Wednesday 20th November, thick grey skies, the sycamore is bare, the red maple and the birch almost naked, our young elm still hanging onto most of its leaves, but it's winter at last, and I might start feeding the birds soon. Cold rain outside my window now, but the night was clear and Orion stands in our landing window again. Time starts to fly as you get older, but as the future contracts, the past expands. How many times, really have I climbed the stairs on a clear winter night, and seen, and stopped to notice that pattern of jewels in the darkness, and looked for the Pleiades, high up above the hunter's left shoulder (hope I've got that right, my sense of right vs left is hopeless)? Probably not many, and only amounting to twenty minutes or so, in twenty years or so, but in memory it seems like an endless sequence of chilly peaceful winter nights, up the stairs, there's Orion. . .
Mixed news on the plans to frack in Sussex. Cuadrilla bedded in at Balcombe, with the support of a willing landowner and despite the dogged efforts of the Environment Agency guys to do their job. Protesters evicted from the roadside, however, went off and set up camp outside West Sussex County Council's front door in Chichester, with the surprising result that WSCC's Louise Goldsmith has entered into dialogue with them, and plans to write to Dave Cameron. Ms Goldsmith has made the same promise to Frack Free Fernhurst Meanwhile, Kirdford and Wisborough Green Parish Council voted unanimously to reject the proposed Celtique Energie/Magellan Petroleum drilling near Boxal Bridge.
So what now? What happens when the people, the voters that is, say no, with an assist from mounting tally of Biblical-proportions extreme weather?
The fracking goes ahead, no doubt*. Possibly after a show-debate. Nescis, mi fili, quantilla sapientia mundus regatur** (No idea who said that, I picked it up from T.H.White; quoted in The Master)
I tried to worry my son about this, but he's tired of worrying about the mounting tally of terrible news. Yes, yes, he said. But I'm planning a recital right now. Philip (his friend and teacher), likes the Haydn sonata as an opener, what do you think? And I repented. Let the young be young.
Date For Your Diaries (if you live in reach of London)
I'm going. I think I probably have strong differences of opinion with Shaker Aamer. I certainly do not like his old mucker Moazzam Begg. But the horror of Guantanamo is beyond belief. If you haven't seen the animation, it can be watched here:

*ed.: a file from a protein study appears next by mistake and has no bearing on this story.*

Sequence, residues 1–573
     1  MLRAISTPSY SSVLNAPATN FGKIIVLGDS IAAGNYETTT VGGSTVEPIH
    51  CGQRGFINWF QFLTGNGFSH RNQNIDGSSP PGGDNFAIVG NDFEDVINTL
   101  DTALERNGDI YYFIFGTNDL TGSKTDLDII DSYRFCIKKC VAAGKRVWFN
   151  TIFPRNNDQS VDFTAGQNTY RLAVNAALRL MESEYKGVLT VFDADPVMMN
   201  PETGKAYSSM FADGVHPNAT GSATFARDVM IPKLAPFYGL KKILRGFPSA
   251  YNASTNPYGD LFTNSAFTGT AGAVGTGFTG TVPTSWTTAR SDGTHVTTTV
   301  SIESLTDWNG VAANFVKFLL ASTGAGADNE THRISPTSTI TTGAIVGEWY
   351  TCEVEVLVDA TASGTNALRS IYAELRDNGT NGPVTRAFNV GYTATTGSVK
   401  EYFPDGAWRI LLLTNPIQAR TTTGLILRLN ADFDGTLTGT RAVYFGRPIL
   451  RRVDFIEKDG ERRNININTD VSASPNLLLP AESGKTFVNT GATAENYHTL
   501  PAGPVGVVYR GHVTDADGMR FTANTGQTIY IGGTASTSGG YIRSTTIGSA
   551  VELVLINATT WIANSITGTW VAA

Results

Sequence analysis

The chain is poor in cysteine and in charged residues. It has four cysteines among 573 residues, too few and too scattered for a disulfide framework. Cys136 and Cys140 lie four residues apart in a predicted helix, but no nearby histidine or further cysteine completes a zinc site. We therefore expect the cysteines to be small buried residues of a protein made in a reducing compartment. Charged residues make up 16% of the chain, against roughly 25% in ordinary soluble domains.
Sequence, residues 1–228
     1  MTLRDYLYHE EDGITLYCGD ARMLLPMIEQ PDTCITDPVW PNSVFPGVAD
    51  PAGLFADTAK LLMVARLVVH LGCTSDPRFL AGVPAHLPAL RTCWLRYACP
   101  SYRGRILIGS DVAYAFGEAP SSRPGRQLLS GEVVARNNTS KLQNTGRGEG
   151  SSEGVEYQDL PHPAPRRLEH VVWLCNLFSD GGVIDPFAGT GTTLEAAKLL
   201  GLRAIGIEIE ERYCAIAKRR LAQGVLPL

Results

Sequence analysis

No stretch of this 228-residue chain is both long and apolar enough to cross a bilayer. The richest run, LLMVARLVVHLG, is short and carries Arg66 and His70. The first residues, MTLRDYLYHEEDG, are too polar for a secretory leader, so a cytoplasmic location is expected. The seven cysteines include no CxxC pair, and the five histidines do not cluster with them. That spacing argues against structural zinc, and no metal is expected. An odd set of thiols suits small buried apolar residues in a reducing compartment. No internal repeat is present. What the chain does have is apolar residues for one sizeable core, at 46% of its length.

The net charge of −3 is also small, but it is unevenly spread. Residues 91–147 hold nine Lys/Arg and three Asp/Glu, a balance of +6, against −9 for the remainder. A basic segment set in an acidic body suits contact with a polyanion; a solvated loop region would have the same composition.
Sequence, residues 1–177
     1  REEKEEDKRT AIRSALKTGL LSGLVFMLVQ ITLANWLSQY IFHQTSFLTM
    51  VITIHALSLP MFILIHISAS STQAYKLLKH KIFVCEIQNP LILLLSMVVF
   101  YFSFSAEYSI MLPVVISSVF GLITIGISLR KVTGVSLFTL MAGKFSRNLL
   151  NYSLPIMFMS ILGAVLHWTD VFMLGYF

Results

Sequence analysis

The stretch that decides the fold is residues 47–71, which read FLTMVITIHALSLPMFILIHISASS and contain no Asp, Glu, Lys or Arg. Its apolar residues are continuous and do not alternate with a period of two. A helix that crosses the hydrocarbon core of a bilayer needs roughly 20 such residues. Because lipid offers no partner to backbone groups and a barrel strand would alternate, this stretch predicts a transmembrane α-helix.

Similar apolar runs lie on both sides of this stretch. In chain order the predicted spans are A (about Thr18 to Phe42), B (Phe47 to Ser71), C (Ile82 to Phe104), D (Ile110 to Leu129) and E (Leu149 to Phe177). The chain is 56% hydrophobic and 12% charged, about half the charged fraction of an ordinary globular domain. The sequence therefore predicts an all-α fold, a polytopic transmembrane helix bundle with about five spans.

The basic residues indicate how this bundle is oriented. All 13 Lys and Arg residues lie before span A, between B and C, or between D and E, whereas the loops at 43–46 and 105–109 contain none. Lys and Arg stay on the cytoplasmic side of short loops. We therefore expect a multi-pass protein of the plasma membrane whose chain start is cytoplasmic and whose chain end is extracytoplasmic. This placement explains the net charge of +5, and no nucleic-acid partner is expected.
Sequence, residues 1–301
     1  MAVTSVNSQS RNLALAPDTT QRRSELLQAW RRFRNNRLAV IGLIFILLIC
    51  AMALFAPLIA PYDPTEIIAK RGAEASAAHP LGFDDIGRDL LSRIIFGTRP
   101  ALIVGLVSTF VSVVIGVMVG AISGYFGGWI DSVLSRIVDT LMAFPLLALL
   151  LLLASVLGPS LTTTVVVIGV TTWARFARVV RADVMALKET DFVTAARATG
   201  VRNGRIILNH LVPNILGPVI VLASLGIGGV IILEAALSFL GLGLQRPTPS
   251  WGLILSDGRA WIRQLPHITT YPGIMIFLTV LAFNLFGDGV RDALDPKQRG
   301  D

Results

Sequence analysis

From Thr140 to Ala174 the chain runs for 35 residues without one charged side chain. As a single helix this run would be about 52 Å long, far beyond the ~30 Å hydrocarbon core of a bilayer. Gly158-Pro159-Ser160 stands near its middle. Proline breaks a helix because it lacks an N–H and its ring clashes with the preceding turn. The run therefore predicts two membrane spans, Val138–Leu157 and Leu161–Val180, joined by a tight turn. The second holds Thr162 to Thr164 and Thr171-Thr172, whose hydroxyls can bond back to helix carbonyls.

<Les Dieux Ont Soif, Anatole France. Latest from my father's french library. A novel about the Terror: humane and pitiless. Reminding me so much of the catastrophic consequences of the so-called Arab Spring, still unfolding.
And The Hours, Michael Cunningham. I hadn't watched the movie until last week, for the petty reason that I saw the trailer, and the Ouse by Rodmell does not look a bit like that and didn't in 1941. But then my friend Elly convinced me, so now I've seen it and liked it, with reservations; and had to get the book.
Later: I liked the movie better. Ironically, the movie featuring three of the BIGGEST FEMALE NAMES in Hollywood managed to seem a lot less "Hollywood" than the novel: & certainly a lot less obsessed with fame and celebrity.
The News, of course. Gripping stuff. Don't you just love End of Days disaster movies?
Keynote picture is your link to Naam, the song voiced by Christy Azumah for Aissa Maiga's role in Bamako. I spent ages looking for the singer, owing to the fact that I was convinced she must be Malian and young, like Aissa Maiga. No, Ghanian and dating from the Seventies. She's dead now, died in Los Angeles, of cancer in 1999 they say.
The Christy Azumah and the Uppers vinyl is going on my Christmas list.
** You have no idea, my son, with what little wisdom the world is governed...
I also love the winter nights when Orion wheels across the sky. On cold nights he looks close enough to touch. Follow the line of Orion's belt to the right and up at a level above his right shoulder are the Pleiades.
Many thanks for the blog.